Fig. 2
figure 2

A schematic map of the pruning strategy.

Rule 1: The road surface type of the majority of the candidate points on a road segment is taken as the road surface type of that road segment (Fig. 2a);

Rule 2: While the number of candidate points classified as paved and unpaved on a road segment is the same, new points (‘p1’, ‘p2’, and ‘p3’ in Fig. 2b) is added at the midpoint of the adjacent candidate points (i.e., resulting in an odd number of candidate points), and then Rule 1 is used (Fig. 2b).

Results evaluation

The effectiveness of this method was evaluated from two aspects. First, the effectiveness of the model was evaluated using widely used metrics, namely precision, recall and F1 score, for the randomly extracted 10,000 sampling points (see Training and Validation data preparation section). Specifically, the following three scenarios were considered:

Scenario I: The quality of OSM surface tags was evaluated based on all 10,000 sampling points.

Scenario II: The effectiveness of the trained model (without the pruning strategy) was evaluated based on 3,000 validation set sampling points.

Scenario III: The effectiveness of the trained model (with the pruning strategy) was also evaluated based on 3,000 validation set sampling points.

Furthermore, existing studies have reported that there is a strong correlation between the length of paved roads and economic development indicators (such as Gross Domestic Product, GDP)36,37. Therefore, the administrative division data of Kenya at the county level ( and the statistical data of GCP (Gross County Product) for each county ( were obtained. Then, the administrative division data of Kenya at the county level and the road surface type dataset developed in this study were overlaid, and the length of paved roads for each county was calculated. Finally, the correlation between road paving length and GCP was calculated using the Pearson correlation coefficient.

Data Records

The road surface type dataset of Kenya consists of: Line vector data in Esri Shapefile format, totalling 1,267,818 road segments and has been made public under Figshare38. Each road segment contains a unique ID number and a road surface type classification (Table 2). The data is projected using the World Geodetic System (WGS) 84 and the Pseudo-Mercator projection coordinate system (EPSG: 3857).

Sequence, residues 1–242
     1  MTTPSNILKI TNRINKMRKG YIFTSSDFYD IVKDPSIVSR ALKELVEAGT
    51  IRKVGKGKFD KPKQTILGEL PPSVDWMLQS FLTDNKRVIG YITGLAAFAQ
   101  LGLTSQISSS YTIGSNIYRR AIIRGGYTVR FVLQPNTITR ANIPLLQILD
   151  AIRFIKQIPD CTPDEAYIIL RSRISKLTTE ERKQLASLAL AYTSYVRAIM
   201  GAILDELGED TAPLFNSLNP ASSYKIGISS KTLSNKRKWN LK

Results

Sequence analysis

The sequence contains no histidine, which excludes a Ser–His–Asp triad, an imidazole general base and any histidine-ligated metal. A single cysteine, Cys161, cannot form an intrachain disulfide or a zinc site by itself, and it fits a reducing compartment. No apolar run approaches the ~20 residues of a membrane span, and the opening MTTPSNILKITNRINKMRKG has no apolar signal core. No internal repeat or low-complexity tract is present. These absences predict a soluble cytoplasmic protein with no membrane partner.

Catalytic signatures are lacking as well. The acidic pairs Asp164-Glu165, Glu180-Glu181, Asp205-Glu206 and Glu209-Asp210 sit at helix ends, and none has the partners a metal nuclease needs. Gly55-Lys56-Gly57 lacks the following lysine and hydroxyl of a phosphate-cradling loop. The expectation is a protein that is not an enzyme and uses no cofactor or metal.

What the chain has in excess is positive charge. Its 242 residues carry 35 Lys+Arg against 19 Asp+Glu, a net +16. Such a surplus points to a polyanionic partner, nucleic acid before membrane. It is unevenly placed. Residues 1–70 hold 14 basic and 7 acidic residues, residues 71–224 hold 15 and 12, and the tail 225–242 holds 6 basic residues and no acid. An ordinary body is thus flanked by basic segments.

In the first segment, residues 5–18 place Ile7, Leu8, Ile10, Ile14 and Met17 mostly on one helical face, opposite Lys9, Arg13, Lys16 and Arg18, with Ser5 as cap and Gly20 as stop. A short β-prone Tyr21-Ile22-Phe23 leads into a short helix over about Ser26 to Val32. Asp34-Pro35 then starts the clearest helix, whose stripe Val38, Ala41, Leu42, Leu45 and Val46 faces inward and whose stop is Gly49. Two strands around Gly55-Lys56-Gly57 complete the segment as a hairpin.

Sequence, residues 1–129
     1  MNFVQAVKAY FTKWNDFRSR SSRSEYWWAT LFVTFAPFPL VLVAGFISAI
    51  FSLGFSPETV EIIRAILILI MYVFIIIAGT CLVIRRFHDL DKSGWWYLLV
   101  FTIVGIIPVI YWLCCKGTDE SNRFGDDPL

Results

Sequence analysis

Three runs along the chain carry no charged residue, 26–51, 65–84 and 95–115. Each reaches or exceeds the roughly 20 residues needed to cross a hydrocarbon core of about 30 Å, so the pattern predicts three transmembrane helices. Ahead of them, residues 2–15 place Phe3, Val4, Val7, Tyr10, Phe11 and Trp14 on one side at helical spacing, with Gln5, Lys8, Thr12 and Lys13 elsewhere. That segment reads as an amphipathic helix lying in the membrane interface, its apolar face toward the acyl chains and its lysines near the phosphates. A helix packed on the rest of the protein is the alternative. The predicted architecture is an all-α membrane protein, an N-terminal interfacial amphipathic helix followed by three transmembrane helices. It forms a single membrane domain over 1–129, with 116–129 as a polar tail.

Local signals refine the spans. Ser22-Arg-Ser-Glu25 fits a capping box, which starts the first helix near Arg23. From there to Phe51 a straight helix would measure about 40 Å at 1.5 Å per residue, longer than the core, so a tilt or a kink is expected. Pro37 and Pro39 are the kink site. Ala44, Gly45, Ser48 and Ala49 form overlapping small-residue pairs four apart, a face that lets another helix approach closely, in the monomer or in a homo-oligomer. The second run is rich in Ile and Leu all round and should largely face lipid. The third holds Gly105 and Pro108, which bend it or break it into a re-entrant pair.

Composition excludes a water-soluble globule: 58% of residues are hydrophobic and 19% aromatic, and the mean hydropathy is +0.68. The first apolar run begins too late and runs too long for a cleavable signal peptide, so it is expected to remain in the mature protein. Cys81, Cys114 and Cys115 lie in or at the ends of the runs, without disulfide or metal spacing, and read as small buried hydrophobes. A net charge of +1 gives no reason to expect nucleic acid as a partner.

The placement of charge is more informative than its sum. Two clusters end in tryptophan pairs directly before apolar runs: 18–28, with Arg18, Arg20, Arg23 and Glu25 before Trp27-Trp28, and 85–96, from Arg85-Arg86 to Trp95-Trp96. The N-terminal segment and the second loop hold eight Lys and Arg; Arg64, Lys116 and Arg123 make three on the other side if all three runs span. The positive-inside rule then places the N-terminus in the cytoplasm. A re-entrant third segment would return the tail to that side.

Table 2 The fields in road surface type dataset of Kenya.

Technical Validation

Evaluation results

As shown in Table 3, for scenario I, all the metrics of the OSM road surface tags exceed 0.95. This indicates that most of the OSM road surface tags are accurately classified by the volunteers, and on the other hand, it also indicates that the OSM road surface tags are reliable for the machine learning model. Moreover, the performance metrics of the VGG-16 trained model all exceeded 0.90, validating the effectiveness of the proposed method. For scenario II, metrics for the ‘Unpaved’ category were a little higher, possibly due to a relatively larger number of training samples for unpaved roads compared to paved roads, making it easier for the model to learn features specific to unpaved roads. The metrics after the correction with the pruning strategy showed improvements compared to Scenario II, especially for the ‘Paved’ category, confirming the effectiveness of the pruning strategy (see scenario III).

Table 3 Evaluation results of the three scenarios.

Evaluation by correlation analysis

The correlation analysis results between road paved length and Gross County Product (GCP) are illustrated in Fig. 3.

Fig. 3
figure 3

Results of the road surface type map of each county of Kenya. (a) shows the calculated length of paved roads for each county in Kenya, (b) shows the GCP data for each county in Kenya, and (c) shows the scatter plot of the correlation between road paving length and GCP for each county in Kenya.

As shown in Fig. 3, there are more paved roads in the southwest region of Kenya, and the GCP in that region is also relatively high, showing consistency. The Pearson correlation coefficient r between the length of paved roads and GCP for each county in Kenya exceed 0.84, and is significantly correlated (p < 0.05), indicating a correlation between economic development in the region and road surface types. This finding is consistent with the existing research results36,37, validating the effectiveness of the method proposed in this study.